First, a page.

over the course of the semester.
Activities may be chosen from the following list:
• Attend a complete Policy Insider Series event at the GCSW
• Attend a complete event offered as part of the GCSW’s debate-related events
• Participate in a voter registrar training
• Actively register voters
• Watch or volunteer at a Presidential candidate debate
• Live-tweet a Presidential candidate debate or speech
• Watch election returns on Super Tuesday or another major primary election day
• Volunteer at a poll on primary election day (Super Tuesday, March 1)
• Attend a rally, speech, etc. organized by any candidate’s political campaign
• Attend a political fundraising event for any candidate or political organization
• Students may propose a political activity that is not on this list, but must receive prior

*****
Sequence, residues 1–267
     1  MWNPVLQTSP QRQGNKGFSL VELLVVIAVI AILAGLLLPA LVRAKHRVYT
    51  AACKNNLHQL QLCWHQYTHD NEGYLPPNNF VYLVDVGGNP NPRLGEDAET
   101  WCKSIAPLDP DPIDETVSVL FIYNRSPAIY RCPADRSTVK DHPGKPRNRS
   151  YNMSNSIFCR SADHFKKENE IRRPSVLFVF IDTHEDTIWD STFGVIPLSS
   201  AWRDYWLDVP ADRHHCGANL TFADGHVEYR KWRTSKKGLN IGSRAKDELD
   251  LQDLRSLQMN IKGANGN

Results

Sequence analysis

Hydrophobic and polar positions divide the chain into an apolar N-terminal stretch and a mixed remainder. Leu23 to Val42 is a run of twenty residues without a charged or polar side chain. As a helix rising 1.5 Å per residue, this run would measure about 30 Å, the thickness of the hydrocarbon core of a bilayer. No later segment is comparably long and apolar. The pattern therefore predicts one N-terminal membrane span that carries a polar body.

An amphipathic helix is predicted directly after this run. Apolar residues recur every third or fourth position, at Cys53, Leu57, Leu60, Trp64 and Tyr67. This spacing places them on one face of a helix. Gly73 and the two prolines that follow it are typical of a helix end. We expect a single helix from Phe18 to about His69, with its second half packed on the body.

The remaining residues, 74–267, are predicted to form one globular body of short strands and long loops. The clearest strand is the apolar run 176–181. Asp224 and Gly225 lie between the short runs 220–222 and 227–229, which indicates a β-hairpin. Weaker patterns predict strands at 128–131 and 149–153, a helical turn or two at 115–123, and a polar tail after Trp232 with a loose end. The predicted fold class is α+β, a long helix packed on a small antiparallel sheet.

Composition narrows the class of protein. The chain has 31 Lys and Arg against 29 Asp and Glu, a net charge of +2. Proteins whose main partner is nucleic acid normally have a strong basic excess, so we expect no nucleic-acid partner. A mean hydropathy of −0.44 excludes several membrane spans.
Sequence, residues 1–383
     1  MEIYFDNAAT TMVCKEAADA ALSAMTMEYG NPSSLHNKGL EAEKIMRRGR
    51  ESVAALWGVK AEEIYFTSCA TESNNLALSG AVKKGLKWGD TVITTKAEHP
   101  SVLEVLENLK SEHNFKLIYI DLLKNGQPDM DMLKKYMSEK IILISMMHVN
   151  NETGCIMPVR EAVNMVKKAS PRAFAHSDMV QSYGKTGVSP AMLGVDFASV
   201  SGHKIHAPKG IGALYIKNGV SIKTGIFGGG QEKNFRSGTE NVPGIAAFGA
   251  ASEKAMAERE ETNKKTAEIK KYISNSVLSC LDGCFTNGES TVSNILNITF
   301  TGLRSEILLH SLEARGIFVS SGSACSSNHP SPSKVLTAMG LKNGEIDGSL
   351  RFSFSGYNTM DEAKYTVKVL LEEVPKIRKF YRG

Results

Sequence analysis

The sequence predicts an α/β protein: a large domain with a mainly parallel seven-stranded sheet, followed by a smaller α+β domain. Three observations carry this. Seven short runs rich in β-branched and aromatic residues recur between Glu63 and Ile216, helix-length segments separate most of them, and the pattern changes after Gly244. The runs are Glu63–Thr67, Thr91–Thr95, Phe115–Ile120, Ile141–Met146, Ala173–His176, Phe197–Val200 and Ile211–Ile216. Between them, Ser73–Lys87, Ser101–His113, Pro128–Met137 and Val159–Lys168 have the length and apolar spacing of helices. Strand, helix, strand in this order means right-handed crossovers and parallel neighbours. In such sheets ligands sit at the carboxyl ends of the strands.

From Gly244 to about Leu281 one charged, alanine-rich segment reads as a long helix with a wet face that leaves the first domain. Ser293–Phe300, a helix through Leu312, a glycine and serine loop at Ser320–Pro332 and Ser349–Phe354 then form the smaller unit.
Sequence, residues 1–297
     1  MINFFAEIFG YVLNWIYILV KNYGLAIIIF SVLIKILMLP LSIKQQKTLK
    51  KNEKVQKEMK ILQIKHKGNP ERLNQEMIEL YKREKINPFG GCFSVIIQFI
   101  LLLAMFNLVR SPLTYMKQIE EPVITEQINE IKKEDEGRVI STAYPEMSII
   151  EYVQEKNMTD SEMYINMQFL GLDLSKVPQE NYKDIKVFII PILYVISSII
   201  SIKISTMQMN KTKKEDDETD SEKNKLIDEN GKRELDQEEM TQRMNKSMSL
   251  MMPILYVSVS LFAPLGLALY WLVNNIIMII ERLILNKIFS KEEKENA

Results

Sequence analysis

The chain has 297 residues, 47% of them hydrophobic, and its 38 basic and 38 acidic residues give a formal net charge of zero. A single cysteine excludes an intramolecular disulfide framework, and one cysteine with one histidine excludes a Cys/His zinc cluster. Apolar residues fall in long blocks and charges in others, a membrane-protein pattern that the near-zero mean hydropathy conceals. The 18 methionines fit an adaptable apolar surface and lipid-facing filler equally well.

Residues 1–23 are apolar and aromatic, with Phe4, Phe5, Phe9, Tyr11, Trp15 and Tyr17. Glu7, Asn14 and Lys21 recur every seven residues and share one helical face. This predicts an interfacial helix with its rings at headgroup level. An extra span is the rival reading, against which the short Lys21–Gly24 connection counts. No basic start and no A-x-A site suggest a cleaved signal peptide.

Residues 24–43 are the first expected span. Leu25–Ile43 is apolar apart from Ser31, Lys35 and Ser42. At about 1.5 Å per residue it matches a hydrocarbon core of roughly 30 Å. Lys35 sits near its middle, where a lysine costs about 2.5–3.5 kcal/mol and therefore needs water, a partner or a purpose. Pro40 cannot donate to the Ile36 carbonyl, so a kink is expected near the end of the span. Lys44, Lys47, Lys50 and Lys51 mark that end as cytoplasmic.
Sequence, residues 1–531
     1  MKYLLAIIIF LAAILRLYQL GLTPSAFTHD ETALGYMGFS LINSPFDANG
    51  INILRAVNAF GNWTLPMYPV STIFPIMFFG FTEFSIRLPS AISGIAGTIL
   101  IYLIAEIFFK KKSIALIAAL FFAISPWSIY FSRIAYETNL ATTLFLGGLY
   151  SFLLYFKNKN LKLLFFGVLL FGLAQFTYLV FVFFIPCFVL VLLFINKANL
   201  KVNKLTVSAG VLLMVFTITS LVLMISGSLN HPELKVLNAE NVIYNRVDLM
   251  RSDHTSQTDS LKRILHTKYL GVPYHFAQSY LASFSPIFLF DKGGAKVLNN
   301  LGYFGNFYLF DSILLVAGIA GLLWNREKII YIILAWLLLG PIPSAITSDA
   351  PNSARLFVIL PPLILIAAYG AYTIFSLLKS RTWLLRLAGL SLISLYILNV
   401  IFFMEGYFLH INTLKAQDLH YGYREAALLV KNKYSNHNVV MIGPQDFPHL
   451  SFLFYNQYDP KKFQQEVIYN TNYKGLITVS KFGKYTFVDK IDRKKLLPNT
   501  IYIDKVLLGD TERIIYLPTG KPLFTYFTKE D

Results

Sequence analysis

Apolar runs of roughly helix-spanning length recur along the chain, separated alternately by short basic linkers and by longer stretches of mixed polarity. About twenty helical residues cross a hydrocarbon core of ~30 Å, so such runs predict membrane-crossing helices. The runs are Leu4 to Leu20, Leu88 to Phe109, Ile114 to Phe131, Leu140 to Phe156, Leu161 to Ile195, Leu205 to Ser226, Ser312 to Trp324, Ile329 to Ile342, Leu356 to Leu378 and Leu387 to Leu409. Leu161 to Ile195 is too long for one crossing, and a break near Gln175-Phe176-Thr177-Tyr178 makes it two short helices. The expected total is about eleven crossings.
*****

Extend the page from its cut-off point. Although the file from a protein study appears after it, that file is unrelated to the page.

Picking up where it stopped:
approval from the instructor for it to count for this assignment.
Students are expected to submit proof of participation (e.g., a photo, a Twitter screenshot) and,
for each event, a brief reflection (approximately ½ page) on your experiences watching or
participating in each event as a social work student.
Students will earn up to 6 points for participating in and reflecting on 3 activities. Students will
earn up to 4 points for participating in and reflecting on 2 activities. Students will earn up to 2
points for participating in and reflecting on 1 activity.
(DUE: 5/9)
5) Extra Credit – up to 2 points
The first segment of most class sessions (except Sessions 3, 13, and 14) will be devoted to
discussion of current policy issues and events. Students may be awarded up to 1 Extra Credit
SOCW 7367, Section 18366, Spring 2016
Page 16